5 Reasons You Should Never (Ever) Pull an All-Nighter
Even one up-all-night escapade can do more damage than you think. This is your body on zero sleep ... and it ain't pretty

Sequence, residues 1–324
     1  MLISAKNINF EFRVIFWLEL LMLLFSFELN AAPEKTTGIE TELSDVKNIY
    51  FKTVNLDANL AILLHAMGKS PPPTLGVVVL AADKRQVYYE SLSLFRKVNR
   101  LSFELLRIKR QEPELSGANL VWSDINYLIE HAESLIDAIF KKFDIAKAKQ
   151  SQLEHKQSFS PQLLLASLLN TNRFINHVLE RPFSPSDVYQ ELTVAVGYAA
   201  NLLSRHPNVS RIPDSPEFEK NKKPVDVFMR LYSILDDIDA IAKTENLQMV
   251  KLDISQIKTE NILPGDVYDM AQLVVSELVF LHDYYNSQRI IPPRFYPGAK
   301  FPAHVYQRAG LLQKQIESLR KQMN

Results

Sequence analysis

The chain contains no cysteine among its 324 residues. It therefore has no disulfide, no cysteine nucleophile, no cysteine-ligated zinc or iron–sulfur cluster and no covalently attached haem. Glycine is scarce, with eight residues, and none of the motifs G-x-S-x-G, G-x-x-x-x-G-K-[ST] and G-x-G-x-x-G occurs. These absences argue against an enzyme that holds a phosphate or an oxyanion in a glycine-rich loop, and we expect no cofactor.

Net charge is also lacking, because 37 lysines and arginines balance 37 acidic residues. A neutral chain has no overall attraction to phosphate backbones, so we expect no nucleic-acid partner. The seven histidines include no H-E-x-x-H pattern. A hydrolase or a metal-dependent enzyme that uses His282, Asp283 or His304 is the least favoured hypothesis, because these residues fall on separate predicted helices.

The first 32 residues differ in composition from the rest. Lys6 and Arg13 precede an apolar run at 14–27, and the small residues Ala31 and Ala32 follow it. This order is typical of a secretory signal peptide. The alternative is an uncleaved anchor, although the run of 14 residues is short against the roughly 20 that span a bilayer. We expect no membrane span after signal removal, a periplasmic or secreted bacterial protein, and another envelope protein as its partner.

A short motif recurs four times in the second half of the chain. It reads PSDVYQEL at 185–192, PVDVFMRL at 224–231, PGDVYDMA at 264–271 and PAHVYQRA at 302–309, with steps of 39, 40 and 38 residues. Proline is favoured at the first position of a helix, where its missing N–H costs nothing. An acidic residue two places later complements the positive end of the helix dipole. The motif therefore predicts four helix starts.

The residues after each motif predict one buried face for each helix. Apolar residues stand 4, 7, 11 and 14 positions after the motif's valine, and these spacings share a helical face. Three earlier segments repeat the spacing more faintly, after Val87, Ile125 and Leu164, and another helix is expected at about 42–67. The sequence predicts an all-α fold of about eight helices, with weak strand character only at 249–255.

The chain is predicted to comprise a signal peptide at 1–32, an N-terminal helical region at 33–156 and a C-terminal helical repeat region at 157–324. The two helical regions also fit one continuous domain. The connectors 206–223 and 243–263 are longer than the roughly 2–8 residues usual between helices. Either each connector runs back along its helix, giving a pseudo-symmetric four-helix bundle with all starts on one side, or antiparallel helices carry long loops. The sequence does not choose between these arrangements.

When you stay up for 24 hours (or more), your leptin levels plummet and ghrelin levels increase, which sends both an "I'm hungry" signal to your brain and a message to stop burning those calories. The end result: unhealthy binging (because you're not eating broccoli at 2 a.m., you're eating cheese puffs dipped in frosting) and a sluggish metabolism. Sleep deprivation and its ties to appetite regulation has also been linked to disrupting the way your body regulates blood sugar and processes sugar into energy. Pull an all-nighter and it's hard for your filtration system to filter out glucose -- so much so that your kidneys start to look like a 60-year-old diabetic's, your insulin resistance goes up ... as does your risk of type 2 diabetes.
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